The Future

Since its inception in June 2010, the Web Services team has completed 42 websites for different units on campus, totaling over 15,000 webpages. The team continues to grow to include more staff and expanded skill sets such as responsive designers, mobile developers, and usability specialists.

The Centre for Interactive Research on Sustainability (CIRS) website is one of many projects completed by UBC IT Web Services. The site features an interactive homepage using innovative technology such as dynamic navigation which allows visitors to control the content that is displayed on the page. Visit the site at


Activity / Project Goal Results / Accomplishments to Date
Economies of Scale
Web Services Decrease cost for web development on campus
  • 42 UBC websites completed at approximately half the price of outside vendors
  • Leveraged best practices and ideas across campus to deliver high impact websites
Enterprise Desktop
Provide scalable, cost- effective desktop services
  • 2772 desktops supported across campus
Virtual Server Service (VSS) and Storage Service Decrease cost for Virtual Server Service and Storage Service and increase return on investment on equipment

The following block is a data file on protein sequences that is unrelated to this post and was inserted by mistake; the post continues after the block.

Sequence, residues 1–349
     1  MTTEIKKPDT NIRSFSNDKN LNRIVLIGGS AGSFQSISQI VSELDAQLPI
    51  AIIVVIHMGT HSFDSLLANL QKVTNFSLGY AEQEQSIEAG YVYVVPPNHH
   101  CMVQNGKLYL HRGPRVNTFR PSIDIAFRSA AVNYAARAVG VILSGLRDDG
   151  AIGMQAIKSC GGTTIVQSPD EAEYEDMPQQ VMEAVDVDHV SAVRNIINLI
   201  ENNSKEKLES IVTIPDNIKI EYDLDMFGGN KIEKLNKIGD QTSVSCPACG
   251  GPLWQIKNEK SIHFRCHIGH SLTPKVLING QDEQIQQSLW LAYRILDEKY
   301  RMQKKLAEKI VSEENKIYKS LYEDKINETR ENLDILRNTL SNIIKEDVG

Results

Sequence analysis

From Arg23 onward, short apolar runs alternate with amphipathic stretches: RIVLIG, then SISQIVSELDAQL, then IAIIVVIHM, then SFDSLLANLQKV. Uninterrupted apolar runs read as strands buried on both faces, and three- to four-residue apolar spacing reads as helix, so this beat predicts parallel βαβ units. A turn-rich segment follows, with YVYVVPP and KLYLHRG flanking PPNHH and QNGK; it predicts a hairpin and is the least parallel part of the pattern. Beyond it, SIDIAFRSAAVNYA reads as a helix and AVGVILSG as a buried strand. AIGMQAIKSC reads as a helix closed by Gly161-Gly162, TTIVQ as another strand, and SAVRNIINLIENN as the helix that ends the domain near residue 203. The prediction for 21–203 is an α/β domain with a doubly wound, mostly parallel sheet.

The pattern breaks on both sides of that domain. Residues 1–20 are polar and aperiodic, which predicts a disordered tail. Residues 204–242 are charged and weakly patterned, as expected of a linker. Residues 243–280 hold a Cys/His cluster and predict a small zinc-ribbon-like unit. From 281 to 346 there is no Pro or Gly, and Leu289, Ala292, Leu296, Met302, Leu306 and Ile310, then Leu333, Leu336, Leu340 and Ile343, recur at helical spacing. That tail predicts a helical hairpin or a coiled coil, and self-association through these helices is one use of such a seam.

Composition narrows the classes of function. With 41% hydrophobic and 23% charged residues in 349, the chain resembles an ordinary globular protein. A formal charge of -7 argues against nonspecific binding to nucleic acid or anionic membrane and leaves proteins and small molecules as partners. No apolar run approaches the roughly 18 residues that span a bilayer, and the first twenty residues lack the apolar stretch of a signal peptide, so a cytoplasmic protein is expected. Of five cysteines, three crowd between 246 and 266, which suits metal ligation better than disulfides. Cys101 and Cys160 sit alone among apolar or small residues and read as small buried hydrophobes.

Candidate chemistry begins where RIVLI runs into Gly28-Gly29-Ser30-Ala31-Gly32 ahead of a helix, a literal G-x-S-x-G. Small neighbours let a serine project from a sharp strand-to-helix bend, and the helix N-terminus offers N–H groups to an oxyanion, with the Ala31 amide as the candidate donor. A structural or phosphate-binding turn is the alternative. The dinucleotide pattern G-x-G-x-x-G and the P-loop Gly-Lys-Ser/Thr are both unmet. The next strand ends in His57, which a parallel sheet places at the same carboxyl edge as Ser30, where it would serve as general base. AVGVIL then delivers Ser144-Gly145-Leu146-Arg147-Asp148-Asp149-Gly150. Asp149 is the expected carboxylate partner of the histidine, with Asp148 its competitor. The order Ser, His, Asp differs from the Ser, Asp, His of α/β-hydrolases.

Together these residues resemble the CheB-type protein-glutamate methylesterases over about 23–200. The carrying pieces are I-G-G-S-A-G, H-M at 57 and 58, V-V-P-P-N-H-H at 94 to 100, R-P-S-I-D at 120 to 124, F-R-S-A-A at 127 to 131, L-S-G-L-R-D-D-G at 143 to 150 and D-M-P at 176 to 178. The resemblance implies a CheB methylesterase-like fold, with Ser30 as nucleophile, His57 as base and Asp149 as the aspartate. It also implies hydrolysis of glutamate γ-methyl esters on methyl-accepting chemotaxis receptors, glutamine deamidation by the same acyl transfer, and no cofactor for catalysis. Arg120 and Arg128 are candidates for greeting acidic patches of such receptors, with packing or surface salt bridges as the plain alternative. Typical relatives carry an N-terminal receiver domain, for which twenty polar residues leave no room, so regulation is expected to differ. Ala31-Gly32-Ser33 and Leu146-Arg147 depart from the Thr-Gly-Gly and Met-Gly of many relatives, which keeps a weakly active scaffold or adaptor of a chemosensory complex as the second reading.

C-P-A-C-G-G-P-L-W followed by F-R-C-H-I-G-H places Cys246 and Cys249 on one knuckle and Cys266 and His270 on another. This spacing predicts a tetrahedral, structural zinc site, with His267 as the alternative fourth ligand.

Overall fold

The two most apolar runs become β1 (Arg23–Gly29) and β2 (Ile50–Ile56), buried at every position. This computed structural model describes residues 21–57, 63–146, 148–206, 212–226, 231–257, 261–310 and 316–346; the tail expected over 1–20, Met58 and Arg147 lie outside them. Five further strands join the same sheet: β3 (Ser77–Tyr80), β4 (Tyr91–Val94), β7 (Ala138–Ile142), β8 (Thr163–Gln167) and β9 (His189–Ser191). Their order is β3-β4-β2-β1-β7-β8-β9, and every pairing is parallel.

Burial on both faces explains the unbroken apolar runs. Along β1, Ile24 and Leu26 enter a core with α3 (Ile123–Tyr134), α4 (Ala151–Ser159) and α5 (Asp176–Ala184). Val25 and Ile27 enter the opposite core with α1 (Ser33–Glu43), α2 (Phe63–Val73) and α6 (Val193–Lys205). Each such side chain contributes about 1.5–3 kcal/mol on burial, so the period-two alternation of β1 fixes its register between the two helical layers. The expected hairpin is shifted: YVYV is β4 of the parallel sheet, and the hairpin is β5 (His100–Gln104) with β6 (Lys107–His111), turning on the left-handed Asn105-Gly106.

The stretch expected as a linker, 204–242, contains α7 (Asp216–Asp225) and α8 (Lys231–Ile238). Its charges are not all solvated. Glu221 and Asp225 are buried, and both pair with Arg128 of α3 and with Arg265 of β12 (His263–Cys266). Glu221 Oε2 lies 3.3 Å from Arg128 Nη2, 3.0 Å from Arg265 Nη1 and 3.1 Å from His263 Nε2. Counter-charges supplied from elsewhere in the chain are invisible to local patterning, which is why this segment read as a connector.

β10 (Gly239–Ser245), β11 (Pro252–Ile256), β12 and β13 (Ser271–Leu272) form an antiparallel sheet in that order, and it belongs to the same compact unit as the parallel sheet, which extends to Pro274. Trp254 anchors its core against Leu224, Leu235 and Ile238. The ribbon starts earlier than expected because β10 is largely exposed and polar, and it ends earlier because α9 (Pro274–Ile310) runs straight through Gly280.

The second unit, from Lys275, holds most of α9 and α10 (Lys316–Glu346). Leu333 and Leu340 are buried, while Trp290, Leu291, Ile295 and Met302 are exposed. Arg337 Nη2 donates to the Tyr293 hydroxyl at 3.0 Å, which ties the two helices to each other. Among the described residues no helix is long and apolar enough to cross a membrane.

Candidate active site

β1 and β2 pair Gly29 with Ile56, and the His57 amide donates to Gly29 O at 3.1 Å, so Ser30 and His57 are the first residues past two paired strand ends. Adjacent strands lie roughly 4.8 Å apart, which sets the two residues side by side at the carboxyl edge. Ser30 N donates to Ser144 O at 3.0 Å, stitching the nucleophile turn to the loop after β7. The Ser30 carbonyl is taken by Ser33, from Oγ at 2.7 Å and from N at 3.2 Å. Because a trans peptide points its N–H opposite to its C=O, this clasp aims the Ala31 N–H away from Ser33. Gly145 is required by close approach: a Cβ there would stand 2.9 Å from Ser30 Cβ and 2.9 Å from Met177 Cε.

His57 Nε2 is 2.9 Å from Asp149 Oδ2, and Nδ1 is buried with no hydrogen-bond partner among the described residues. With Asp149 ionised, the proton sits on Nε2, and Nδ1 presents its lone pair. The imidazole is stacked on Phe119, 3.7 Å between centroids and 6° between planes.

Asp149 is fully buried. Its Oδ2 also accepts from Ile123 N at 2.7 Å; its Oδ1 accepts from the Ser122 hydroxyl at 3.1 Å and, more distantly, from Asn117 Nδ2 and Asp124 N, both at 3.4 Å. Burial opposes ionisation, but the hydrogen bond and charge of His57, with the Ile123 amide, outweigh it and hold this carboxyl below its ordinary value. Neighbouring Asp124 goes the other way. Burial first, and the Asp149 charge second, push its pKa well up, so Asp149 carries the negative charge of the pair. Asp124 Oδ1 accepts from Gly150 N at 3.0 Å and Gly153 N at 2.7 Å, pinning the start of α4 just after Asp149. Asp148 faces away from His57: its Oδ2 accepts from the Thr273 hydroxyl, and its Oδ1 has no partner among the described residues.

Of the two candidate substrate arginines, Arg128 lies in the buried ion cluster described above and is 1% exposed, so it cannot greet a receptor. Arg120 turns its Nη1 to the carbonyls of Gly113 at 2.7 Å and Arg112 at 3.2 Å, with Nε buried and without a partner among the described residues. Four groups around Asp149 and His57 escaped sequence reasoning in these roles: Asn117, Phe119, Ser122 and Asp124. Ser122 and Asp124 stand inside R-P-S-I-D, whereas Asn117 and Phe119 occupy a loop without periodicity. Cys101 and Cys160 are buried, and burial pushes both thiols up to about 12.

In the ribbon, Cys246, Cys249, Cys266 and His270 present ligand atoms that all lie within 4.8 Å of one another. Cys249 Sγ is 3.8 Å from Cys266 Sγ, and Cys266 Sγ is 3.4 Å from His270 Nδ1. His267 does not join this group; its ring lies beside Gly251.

• Achieved over 50% savings on annual costs of VSS and Storage Service by consolidating purchases with other universities and using Request for Proposals (RFP)
  • Decreased VSS prices to customers by up to 75%
  • Deployed efficiency tool for all virtual servers and storage to measure utilization so resource can be adjusted to requirements
BCNET Network Increase savings in procurement of equipment
  • Achieved 50% savings through use of Request for Proposal (RFP) process
Internet Service Maintain current service level at lower cost through use of peering services
  • Increased use of peering services to increase the total off-campus network traffic by 50% and maintain constant costs
UBC Survey Tool Provide a cost-effective, Canadian survey tool for faculty and staff use
  • Procured survey tool for campus use through BC consortium of Higher Education Institutions
  • 603 accounts registered to date
Software Licensing Decrease overall costs for software licenses by implementing a single toolset for software development